Fascism, according to a leading spokesman, Alfredo Rocco, stressed: "(T)he necessity for which the older doctrines makes little allowance, of sacrifice, even up to the total immolation of individuals, in behalf of society . . . For Liberalism (i.e., individualism), the individual is the end and society the means; nor is it conceiveable that the individual, considered in the dignity of an ultimate finality, be lowered to mere instrumentality. For Fascism, society is the end, individuals the means, and its whole life consists in using individuals as instruments for its social ends." Peikoff, p. 17. In 1958 Mussolini was quoted: "The highest personality is that of the Nation . . . The Fascist State, synthesis and unity of all values, interprets, develops and actuates the whole life of the People. . . For Fascism the State is an absolute, in whose presence individuals and groups are relative." Arthur S. Miller, DEMOCRATIC DICTATORSHIP: THE EMERGENT CONSTITUTION OF CONTROL 67 (1981); O. Gierke, NATURAL LAW AND THE THEORY OF SOCIETY 1500 to 1800 (E. Barker trans. 1958).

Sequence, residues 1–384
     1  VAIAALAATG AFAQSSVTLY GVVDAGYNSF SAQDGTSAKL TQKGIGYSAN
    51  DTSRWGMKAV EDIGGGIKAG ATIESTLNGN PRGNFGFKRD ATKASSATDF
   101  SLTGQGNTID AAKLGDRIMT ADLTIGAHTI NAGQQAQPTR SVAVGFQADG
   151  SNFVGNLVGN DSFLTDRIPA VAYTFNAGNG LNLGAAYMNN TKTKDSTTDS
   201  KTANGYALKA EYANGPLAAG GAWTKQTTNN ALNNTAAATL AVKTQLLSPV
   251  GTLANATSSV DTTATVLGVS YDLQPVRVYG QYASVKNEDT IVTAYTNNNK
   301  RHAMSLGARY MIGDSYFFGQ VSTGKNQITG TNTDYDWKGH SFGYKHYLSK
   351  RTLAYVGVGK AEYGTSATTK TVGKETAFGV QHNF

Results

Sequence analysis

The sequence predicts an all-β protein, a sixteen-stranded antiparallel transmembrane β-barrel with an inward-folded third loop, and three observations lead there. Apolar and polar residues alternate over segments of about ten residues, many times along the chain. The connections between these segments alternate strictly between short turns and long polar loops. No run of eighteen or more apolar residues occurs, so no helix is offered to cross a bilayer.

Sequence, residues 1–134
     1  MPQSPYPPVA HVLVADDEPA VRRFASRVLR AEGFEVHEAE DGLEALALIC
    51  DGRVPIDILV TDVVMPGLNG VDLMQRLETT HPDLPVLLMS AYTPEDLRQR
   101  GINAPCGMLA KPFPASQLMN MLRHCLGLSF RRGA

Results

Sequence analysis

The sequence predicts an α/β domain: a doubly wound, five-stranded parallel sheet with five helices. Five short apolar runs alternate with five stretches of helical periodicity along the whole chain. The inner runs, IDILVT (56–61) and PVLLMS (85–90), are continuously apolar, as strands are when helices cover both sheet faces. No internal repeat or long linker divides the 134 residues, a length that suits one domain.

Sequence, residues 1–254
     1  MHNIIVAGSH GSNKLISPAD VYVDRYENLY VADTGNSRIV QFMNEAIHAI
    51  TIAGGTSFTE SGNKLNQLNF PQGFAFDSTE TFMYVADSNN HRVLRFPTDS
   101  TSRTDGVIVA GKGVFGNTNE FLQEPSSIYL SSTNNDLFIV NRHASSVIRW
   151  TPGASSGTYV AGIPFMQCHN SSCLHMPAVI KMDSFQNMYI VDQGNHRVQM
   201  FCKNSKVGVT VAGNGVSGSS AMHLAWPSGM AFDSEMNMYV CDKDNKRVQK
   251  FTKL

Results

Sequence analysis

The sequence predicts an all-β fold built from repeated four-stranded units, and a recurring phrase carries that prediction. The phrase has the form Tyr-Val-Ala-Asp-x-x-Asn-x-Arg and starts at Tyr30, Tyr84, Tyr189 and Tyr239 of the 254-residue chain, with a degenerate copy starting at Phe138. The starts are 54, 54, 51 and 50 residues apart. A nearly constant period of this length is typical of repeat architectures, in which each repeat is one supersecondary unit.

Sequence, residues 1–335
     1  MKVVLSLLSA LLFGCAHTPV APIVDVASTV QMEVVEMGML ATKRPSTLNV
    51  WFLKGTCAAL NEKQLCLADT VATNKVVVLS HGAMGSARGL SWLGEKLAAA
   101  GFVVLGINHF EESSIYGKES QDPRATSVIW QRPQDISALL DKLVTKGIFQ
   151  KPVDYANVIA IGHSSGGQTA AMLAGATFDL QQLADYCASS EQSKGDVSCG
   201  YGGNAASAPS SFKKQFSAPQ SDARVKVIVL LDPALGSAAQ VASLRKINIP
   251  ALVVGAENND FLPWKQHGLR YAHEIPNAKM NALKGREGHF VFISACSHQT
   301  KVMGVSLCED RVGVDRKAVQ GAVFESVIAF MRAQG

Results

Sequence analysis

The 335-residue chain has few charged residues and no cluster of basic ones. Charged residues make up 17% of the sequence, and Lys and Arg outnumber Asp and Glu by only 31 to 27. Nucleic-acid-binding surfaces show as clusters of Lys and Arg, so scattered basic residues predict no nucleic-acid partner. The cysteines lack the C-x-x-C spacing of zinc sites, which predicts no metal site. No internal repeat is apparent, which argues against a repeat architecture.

Conservative thinkers emphasize that some of the constitutional limits placed on government power have been misconstrued as grants of more power to government to restrict the rights of some citizens in favor of others. Burnham has suggested: "Instead of operating as limits on the power of government, they (the first ten amendments) are on occasion accepted as authorizations or grants of additional governmental power over the daily affairs of citizens. The ironic result is that the enforcement of civil rights becomes an instrument not of liberty but of despotism." James Burnham, CONGRESS AND THE AMERICAN TRADITION 73-74 (1959); Melvin J. Thorne, AMERICAN CONSERVATIVE THOUGHT SINCE WORLD WAR II 109 (1990).